I received an e-mail illustrating a problem facing many registered reps. It read: “I feel like I'm going in eight different directions. My company has introduced new initiatives, the rules keep changing and everyone is offering advice. I just can't seem to focus. Please help!”
This plea identifies a challenge that has long been associated with setting and achieving goals. It's called goal diffusion. We often mistake goal diffusion as a lack of motivation, but that is not what it is. It's the inability to focus in the face of numerous options and not achieving goals satisfactorily.
A major factor contributing to goal diffusion comes from directing attention to events and circumstances you cannot control. That's why so many look to change firms or careers as a solution, and then discover they just experienced the old “from the frying pan into the fire” scenario. Now that you know what not to do, let's discuss an antidote to avoid goal diffusion.
Make a clear distinction between events that are within and outside your control.
Expend all energies on what is in your control.
Develop a long-range business plan — in writing — so your focus is clear.
Create a scorecard system that will enable you to measure annual, quarterly and weekly indicators of your success.
Commit to specific fixed daily activities and projects linked to your scorecard; in turn this will drive your long-range plan.
Make certain everyone is accountable for performing delegated fixed daily activities.
Conduct a five-minute control-attitude-focus meeting every day.
Celebrate weekly successes.
The process described combines planning (getting focused) with a systematic action plan (staying focused). All of this is in your control.
Simple production targets are no longer enough. Your long-range plan must include the type and number of clients you want to attract, the value agenda you plan to deliver to these targeted clients, and how you plan to make all this become a reality.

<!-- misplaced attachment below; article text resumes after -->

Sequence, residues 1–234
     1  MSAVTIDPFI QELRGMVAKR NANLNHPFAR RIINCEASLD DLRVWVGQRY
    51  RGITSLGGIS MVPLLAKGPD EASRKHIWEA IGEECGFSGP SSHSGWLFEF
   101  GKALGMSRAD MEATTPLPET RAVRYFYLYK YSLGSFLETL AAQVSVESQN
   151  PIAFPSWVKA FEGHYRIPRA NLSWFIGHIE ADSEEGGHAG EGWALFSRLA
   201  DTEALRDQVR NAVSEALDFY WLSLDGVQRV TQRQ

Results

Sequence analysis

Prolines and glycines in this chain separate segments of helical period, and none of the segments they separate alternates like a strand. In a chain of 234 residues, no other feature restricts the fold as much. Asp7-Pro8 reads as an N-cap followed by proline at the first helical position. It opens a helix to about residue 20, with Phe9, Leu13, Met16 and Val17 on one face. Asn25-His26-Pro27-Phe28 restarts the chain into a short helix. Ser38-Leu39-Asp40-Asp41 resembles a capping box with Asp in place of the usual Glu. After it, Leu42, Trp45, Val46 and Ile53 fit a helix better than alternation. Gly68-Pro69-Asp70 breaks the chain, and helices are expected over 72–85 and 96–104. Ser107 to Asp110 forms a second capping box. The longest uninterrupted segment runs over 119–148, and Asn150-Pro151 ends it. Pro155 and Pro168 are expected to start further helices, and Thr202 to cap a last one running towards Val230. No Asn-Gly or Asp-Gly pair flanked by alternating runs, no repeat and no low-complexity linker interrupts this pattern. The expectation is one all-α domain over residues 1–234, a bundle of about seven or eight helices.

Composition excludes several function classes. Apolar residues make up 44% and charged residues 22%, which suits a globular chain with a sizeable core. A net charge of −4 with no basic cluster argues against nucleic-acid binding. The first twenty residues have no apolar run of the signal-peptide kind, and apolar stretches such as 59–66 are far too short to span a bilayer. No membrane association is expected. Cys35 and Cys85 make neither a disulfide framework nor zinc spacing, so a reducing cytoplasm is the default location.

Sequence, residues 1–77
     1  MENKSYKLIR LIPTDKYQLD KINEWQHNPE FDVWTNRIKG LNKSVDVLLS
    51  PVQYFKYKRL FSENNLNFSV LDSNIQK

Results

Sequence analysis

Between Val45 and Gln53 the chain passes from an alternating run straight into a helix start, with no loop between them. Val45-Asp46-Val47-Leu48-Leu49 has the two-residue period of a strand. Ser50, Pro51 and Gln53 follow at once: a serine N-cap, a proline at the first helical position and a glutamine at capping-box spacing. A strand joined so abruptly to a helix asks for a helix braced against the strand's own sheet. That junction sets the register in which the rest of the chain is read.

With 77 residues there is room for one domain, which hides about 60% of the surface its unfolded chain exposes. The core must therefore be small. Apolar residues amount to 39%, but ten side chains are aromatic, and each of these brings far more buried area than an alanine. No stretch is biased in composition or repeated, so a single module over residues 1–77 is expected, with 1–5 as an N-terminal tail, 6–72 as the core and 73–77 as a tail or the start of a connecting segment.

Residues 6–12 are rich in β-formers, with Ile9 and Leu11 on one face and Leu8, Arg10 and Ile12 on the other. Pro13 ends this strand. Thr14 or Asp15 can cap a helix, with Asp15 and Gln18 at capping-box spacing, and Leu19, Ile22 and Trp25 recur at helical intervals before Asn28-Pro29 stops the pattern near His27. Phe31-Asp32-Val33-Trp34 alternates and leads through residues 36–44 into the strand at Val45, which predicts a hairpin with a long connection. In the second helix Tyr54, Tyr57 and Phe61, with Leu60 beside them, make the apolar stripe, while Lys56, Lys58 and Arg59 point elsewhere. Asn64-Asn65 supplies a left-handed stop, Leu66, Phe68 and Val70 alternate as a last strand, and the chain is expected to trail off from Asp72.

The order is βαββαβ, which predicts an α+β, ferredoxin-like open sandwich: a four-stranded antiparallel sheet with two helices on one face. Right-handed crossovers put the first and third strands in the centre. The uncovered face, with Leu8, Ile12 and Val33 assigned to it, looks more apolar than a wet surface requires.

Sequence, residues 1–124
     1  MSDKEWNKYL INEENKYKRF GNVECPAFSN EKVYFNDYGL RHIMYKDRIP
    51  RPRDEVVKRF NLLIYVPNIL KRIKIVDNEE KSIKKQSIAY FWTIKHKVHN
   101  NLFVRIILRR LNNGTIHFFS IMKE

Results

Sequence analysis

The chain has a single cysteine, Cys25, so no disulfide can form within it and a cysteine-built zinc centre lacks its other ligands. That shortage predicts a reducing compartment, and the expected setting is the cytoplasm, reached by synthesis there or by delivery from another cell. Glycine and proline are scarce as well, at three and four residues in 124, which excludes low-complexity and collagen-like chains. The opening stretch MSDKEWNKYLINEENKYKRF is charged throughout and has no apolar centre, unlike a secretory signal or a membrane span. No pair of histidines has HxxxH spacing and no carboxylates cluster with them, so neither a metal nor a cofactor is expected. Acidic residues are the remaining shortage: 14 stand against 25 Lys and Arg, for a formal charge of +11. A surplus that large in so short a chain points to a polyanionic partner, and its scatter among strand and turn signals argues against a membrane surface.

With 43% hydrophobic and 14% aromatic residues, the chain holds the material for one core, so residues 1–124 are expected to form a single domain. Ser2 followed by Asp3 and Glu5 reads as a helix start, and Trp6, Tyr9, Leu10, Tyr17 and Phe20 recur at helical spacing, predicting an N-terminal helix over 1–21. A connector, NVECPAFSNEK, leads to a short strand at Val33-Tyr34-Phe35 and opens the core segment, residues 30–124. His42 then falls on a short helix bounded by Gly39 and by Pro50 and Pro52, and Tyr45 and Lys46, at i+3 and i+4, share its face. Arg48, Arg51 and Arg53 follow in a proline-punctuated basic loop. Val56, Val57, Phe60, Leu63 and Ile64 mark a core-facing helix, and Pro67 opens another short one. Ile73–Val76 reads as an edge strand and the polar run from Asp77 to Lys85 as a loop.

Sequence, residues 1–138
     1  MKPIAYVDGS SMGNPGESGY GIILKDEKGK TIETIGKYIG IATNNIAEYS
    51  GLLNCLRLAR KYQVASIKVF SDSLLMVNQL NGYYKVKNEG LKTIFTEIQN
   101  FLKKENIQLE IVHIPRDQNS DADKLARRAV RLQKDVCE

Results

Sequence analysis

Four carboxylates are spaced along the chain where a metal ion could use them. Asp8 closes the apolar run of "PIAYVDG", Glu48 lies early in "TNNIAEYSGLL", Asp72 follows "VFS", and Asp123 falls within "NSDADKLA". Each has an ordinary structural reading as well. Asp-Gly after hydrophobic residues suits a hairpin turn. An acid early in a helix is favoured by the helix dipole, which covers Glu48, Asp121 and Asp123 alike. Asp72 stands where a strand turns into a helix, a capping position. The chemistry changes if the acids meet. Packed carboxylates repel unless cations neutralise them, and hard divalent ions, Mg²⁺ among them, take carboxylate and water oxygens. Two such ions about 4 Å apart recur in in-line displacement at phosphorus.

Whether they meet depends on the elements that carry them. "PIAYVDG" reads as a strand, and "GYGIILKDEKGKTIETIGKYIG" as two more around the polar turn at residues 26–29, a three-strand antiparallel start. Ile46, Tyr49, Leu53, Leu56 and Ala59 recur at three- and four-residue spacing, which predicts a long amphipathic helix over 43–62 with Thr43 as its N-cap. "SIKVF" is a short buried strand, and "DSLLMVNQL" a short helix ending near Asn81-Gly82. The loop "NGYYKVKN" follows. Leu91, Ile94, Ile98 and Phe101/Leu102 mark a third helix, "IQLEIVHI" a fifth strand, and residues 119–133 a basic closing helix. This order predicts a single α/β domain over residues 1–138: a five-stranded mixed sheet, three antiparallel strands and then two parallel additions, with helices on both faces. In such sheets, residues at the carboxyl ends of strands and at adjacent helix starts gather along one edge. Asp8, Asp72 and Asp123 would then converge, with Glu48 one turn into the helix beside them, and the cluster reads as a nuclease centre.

Absolute focus is required from the first strategic action step to the last. To the extent your firm can assist you, and many firms have excellent resources to help in serving the affluent, avail yourself to these programs and platforms. But to the extent any initiative runs counter to your long-range business plan, simply remain true to your course. This puts everything within your control. Goal diffusion will be nothing more than an interesting topic of discussion as you explain to others how you pushed it aside and got focused.
Matt Oechsli is president of The Oechsli Institute in Greensboro, N.C., a sales consulting firm, and author of “Winning the Inner Game of Selling.” He can be reached at [email protected]. For a free tool to assess your progress in attracting, servicing and retaining affluent clients, go to www.oechsli.com/rr.
Developing Your Parabroker
Regardless of what you might expect from someone performing a support role in your business, his or her focus and commitment ultimately will mirror yours. Your parabroker will become increasingly frustrated every time you allow yourself to get sidetracked, or start a project only to leave it unfinished. And how can anything be a top priority when you continually add more top priorities to your already large list?
The solution is simple. Remain true to your focus of building a financial advisory practice to last. To be a bit more specific: Involve your parabroker in the planning process, assisting in every aspect of your long-range plan, fixed-daily activities, delegated areas of responsibility, etc. The greater the involvement the greater the probability both of you will remain focused and committed to help each other stay on course, each step of the way.